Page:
By Darren Lum
While tens of thousands of snowbirds are choosing to head south to warmer climes this winter despite the rising rates of infection and deaths from COVID-19 and the imposed restrictions for travel across the U.S. and Canada border, there are hundreds of thousands of seniors staying in the Great White North.
Three retired couples in the Highlands shared their reasons for staying and how they’ll make the adjustment to living in the county this winter.
Al and Wendy Aubry, Jon and Lois Dannewald, and Scotty and Jane Boyd, who know each other through playing tennis
together every week in the summer, are readying for a winter in the Highlands.
Unlike some snowbirds, who have hired transport companies to deliver RVs to southern destinations while they take a plane and fly into the U.S., the Aubrys didn’t even consider options to go south to Florida like the past 22 years.
“We believe the pandemic is out of control in the U.S.A., and we don’t wish to get on a plane any time soon,” Al wrote. “We considered a winter in Kelowna and travel by private sleeper cabin on the train, but the long distance trains are not running and their return to service is not happening any time soon. So, we’re here for the winter and will make the most of it.”
Recently, he heard an anecdote, reminding him of how he and his wife made the correct decision to stay. A couple in the U.S. told him how they were turned away at a hospital because they were Canadian after one of them felt ill. Upon their return to Canada, it was later learned that the ill individual had contracted COVID-19.
The retired couple, who have been married for 48 years and have three adult children and seven grandchildren, have called the Highlands home since 2000 after cottaging for four years. After living on Boshkung Lake for the majority of their time, they’ve recently moved to Mountain Lake.
After spending winters playing tennis, golfing, taking walks on the beach, socializing with friends, both Canadian and American, the couple will be looking to snowshoe, ice skate and will curl for a full season in Haliburton unlike other years when they stopped at Christmas.
Jon and Lois of Haliburton have been going to Rio Grande Valley in Texas since 1999.
Last year, they only stayed for a month because they could only get out-of-country health insurance coverage for that amount of time, but when COVID-19 hit they sold their place and came home to Haliburton County.
With COVID-19 and getting older, the Dannewalds said going south this winter was not a possibility, particularly with how it was cost prohibitive.
“We have not considered going south for the winter anymore because of our age and medical conditions, out-of-country health insurance is too expensive,” he wrote.
When they inquired about the premiums for insurance they were shocked by the quotes for five months of coverage, which would cost $9,000 for Lois and $2,700 for Jon. The difference, Jon wrote, was because of Lois’s health history, having survived cancer. The other factor is both of them are over 76.
Without the high cost of insurance, Jon pointed out going south to Texas was actually cheaper than living here.
“We found it less expensive to winter in Texas than to heat our home here, besides I had an allergy to snow, it hurt my back!” he wrote.
In Texas, they danced the nights away and socialized with friends. Typically they would leave before Halloween and returned on May 1. This year shuffleboard will have to wait and they’ll trade golf clubs for ski poles and golf spikes for snowshoes.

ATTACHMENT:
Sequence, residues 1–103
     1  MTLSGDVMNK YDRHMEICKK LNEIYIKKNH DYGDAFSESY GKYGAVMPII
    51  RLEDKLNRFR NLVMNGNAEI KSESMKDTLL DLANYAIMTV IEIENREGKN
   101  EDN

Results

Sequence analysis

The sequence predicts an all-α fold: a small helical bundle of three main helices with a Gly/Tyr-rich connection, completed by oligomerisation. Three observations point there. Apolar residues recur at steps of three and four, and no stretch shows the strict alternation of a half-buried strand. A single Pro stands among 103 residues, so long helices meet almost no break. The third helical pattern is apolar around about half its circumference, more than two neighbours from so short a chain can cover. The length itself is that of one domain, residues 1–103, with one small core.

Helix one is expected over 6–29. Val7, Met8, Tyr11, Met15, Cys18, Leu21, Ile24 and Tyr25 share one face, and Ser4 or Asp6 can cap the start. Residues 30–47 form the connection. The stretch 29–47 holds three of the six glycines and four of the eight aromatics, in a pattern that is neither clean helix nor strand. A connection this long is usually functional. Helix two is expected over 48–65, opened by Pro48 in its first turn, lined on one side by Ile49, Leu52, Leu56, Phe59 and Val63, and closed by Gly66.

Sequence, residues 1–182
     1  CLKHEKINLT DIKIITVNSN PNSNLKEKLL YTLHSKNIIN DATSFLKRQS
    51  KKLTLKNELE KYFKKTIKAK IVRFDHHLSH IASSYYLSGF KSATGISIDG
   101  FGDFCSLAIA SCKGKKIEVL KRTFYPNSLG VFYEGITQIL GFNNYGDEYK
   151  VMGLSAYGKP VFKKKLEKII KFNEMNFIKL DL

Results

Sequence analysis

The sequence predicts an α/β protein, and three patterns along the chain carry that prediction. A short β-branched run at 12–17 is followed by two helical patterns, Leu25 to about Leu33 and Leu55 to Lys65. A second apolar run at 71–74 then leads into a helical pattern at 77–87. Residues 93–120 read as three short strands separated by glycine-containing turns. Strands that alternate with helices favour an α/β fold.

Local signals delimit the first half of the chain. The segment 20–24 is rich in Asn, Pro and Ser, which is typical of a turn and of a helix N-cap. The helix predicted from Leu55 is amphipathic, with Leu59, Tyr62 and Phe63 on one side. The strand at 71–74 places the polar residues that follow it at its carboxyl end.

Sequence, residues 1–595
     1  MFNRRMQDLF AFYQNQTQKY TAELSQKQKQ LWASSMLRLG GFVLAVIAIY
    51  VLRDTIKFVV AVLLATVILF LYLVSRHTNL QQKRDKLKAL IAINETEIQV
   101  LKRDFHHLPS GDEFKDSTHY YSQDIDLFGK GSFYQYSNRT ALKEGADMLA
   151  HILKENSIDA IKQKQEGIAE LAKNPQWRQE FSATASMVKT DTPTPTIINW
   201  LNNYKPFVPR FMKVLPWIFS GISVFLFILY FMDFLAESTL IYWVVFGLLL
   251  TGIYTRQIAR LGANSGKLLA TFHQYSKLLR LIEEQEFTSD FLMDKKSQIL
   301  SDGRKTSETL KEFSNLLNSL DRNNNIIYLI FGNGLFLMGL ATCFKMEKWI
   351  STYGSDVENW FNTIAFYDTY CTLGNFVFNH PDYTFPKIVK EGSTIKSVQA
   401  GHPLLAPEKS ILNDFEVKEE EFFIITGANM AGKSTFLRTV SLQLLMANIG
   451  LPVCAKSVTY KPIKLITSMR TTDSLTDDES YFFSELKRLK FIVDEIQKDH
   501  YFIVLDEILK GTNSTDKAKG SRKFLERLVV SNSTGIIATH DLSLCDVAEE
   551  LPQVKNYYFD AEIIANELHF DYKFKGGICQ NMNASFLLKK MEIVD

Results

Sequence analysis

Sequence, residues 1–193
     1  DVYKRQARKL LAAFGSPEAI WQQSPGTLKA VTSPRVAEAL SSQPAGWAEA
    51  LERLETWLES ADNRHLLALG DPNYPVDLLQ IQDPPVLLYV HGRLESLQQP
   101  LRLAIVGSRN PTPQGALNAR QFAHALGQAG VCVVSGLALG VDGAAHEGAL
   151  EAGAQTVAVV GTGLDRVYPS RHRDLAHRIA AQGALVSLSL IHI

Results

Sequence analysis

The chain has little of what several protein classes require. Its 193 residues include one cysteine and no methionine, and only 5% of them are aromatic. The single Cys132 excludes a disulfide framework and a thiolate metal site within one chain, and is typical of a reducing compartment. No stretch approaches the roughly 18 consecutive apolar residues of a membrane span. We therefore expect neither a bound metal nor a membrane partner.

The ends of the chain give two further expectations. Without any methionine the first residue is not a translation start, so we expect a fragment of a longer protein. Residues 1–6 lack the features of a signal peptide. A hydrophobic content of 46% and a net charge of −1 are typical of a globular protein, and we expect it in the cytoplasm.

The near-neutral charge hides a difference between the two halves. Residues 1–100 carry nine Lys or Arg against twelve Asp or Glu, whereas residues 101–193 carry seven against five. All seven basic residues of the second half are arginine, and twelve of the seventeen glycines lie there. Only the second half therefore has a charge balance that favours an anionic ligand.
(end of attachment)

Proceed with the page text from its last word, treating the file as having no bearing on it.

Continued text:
“We had a good run of hot sun, sandy beaches, and wonderful golf courses for 20 years, now it’s time to enjoy winter in Haliburton,” he wrote.
The couple of 55 years have lived in Haliburton County since 2002.
They have four sons and four grandsons and soon-to-be eight great-grandchildren.
Up until last year, the couple lived in West Guilford.
They just moved to a condominium in Haliburton last year and it comes with some built in conveniences in dealing with winter such as a heated garage, which includes no snow to shovel, “lots of volunteer activity to keep busy.”
Jon admits life here in the winter will be a “major lifestyle change for us but we are looking forward to enjoying a Haliburton winter, change is as good as a rest.”
Unlike the other couples, who have spent the winters in the south, the Boyds have only stayed for the month of April renting different condos over the past several years, but visiting the same golf club in Naples, Florida.
Last year, they didn’t go and don’t expect to go this year with the current situation of rising COVID-19 cases and the absence of a vaccine.
“We of course had to cancel last spring and this one as well. We miss it very much but it is not safe to go with the COVID situation. If there is a miracle and we get inoculated before April, we would head south,” Jane wrote.
For the retired secondary school teacher, who lived much of her life in the Highlands having grown up in Minden and graduating from Archie Stouffer Elementary School and the Haliburton Highlands Secondary School, this is home. She left for study at Queens University and work, but with Scotty bought a cottage on Mountain Lake in 1998 and moved back in 2003.
They love winter sports such as curling, snowshoeing, Nordic skiing and skating, but find April a difficult month to get outside for athletics or for gardening. Going to Florida has helped with the transition from winter to spring.
There’s a hope to travel this spring. Even if it’s within Canada’s borders.
“If we are here in April, hopefully we will be at a stage where travel is easier. Then we will visit family in Manitoba and maybe in B.C. Otherwise I will keep on running,” she wrote.